Ample natural gas heats up large tax incentives for gas-powered fuel equipment

EPAct-tax option

Under Section 179 (D) of the Energy Policy Act (EPAct) and its underlying ASHRAE (American Society of Heat Refrigeration and Air Conditioning), which builds energy code, commercial buildings are eligible for an energy efficiency tax deduction of up to $ 1.80 per . Square feet.

If a building’s energy-reducing investment does not qualify for the full $ 1.80 deduction. Square feet, there are deductions available for one of the three major subsystems: lighting, plumbing and the building envelope. Each component can qualify for up to 60 cents per unit. Square foot EPAct tax deduction. The building envelope is everything on the perimeter of the building that touches the outside world, including roofs, walls, windows, doors to the foundation and associated insulation layers. Increased availability of natural gas creates new potential for HVAC EPAct deductions as more options for high-efficiency gas heating systems become increasingly popular.

The combined heat and power tax credit

Under the Internal Revenue Code, Section 48, companies or individuals installing combined heat and power (CHP) systems can take a 10% tax credit for the total equipment and installation costs. In addition, sections 1104 and 1603 of the 2009 Recovery and Reinvestment Act of 2009 allow the taxpayer to take the 10% tax deduction as a cash subsidy, although eligibility is contingent upon the construction of the CHP system beginning before the end of the year 2010 The requirements for “beginning construction” have not always been clear; However, the Treasury recently released guidance that officially explains the requirements for taking a cash grant instead of a tax credit.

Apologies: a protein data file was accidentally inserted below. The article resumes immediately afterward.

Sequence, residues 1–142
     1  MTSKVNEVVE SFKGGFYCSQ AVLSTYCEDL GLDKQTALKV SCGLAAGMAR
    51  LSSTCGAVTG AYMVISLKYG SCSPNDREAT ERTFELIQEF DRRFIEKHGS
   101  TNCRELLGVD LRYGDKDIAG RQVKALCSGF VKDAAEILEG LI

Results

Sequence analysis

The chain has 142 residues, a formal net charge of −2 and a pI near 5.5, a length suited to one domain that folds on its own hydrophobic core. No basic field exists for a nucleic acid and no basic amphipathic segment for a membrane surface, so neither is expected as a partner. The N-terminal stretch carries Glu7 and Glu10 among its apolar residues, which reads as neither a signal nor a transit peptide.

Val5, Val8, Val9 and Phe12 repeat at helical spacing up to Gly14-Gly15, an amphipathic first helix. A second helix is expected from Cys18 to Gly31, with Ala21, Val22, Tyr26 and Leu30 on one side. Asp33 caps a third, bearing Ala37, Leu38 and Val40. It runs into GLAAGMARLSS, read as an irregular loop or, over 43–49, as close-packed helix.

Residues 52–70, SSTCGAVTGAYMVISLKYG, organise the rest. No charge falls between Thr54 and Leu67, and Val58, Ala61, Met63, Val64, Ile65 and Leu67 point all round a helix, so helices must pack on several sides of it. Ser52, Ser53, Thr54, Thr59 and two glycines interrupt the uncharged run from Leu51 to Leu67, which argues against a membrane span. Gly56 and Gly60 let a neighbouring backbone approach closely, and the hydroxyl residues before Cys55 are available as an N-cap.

The new natural gas finds

The recent and unexpected U.S. boom of natural gas reserves can be summed up by the 200 trillion cubic foot Louisiana gas find called the Haynesville Shale. A finding of this magnitude corresponds to 18 years of current U.S. production. Another surprisingly enormously strategically located find is the Marcellus Shale Appalachian (“The Marcellus”) find. Marcellus is primarily located in Ohio, Pennsylvania, West Virginia and New York. Parts of this huge find touch Virginia, Maryland, Tennessee and Kentucky. Other major new finds have also occurred in Texas and Arkansas. One industry-produced study estimates that the U.S. has more than 2,200 trillion cubic feet of gas ready for extraction, which is enough to deliver 100 years. Less than a decade ago, the consensus was that natural gas production was on a permanent decline. And was becoming a dying resource.

The big companies allow

The expected major impact of the recent discoveries is evidenced by the recent commitment to the large gas companies’ natural gas sector. In late June 2010, ExxonMobil completed its merger with XTO Energy. It is now expected that Exxon will be a player in the development of renewable resources, especially natural gas, under the XTO name. Royal Dutch Shell and Total SA also recently bought assets after purchasing East Resources and part of Chesapeake Energy, respectively. As oil drilling becomes more inaccessible and the cost of gas development continues to decline, natural gas will become important for the oil and energy sectors of the United States.

Improved distribution of natural gas